Size: 16 inches in the wild, aquarium specimens up to 10 inches
Temperature: 74 to 78 degrees Fahrenheit
Origin: Indian Ocean to Indonesia in the Pacific[b]
The powder blue tang (often called by its scientific species name leucosternon) is one of the most beautiful and coveted fish for marine aquariums. A mature powder blue tang has many different shades of blue, from dark navy to light powder blue, with bright yellow on the dorsal fin and dramatic black markings on the face. However, it is also one of the more difficult fish to keep on a long-term basis. Initial problems are primarily with marine ich, to which most surgeons and tangs are very susceptible. The powder blue tang is extremely susceptible to this parasite, and almost every powder blue in a tank will have to go through at least one bout with ich.

Once a healthy powder blue is established in a tank, it will be a large, fairly aggressive fish. This fish must be the only tang (or similarly shaped fish) in the tank unless it is a very large aquarium. It can become very territorial and nasty to other large fish, and it requires a large amount of swimming room. The minimum size tank for a powder blue is 90 gallons, and the bigger the tank the better.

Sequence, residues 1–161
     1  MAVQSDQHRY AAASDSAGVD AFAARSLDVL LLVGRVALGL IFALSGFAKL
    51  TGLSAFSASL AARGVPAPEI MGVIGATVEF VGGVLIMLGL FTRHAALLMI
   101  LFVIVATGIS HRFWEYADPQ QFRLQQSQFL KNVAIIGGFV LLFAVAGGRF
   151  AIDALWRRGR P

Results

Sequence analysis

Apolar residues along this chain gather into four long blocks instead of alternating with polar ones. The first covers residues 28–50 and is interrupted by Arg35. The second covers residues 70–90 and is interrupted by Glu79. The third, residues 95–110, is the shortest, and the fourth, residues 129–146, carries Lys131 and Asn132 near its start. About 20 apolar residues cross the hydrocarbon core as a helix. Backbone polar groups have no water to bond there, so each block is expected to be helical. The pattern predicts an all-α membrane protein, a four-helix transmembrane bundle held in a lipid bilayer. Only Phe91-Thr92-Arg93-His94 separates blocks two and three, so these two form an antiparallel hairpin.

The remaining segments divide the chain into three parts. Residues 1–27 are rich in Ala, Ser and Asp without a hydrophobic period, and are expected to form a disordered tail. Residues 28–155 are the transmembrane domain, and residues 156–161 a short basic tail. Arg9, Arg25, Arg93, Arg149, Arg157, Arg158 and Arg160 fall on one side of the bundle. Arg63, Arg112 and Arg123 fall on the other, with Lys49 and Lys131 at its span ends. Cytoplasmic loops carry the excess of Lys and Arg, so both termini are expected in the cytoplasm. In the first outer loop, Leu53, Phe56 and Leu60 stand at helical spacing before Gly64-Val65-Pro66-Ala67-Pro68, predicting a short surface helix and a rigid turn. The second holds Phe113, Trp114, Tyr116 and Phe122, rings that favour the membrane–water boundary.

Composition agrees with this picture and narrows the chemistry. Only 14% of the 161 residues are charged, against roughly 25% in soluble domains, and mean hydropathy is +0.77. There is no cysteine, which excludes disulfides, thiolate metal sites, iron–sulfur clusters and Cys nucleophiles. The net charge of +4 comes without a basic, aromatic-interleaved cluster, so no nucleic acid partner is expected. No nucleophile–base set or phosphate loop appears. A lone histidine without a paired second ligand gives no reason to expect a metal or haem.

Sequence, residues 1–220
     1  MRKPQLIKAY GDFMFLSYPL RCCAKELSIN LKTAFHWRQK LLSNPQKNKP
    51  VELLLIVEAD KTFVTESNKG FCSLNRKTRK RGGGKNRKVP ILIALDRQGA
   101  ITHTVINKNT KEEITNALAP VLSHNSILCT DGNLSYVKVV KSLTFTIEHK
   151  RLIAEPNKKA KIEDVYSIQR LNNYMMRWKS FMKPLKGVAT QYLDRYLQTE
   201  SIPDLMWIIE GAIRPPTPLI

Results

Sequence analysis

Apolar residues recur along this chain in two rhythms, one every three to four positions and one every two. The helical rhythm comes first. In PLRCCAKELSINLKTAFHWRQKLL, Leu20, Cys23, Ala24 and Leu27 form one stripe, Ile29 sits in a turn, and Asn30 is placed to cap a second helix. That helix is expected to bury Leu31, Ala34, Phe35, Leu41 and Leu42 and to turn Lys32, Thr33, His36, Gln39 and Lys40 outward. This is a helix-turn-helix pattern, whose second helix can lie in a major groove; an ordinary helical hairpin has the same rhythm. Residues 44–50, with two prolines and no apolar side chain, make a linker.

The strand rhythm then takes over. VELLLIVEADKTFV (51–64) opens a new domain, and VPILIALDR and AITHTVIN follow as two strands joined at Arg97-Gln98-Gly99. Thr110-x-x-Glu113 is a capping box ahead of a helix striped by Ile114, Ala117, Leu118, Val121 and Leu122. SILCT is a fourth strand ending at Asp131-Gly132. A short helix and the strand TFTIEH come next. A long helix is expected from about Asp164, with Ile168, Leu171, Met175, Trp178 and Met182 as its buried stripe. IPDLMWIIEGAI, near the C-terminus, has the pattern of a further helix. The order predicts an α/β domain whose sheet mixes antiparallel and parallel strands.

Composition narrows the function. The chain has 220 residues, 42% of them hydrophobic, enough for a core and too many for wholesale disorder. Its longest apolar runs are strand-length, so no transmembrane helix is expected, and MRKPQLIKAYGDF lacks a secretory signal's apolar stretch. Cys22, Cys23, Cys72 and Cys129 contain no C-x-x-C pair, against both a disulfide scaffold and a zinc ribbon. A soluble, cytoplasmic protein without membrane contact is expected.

This fish feeds constantly, and it is best to always have nori seaweed, blanched zucchini or romaine lettuce in a clip on the side of the aquarium. In addition, it needs to be fed regularly with specialized herbivore diets containing Spirulina algae. A powder blue tang is generally reef-safe, as long as it is well fed.
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YELLOW TANG *Zebrasoma flavescens*

Post by Shannon *Admin* on Wed Nov 26, 2008 3:22 pm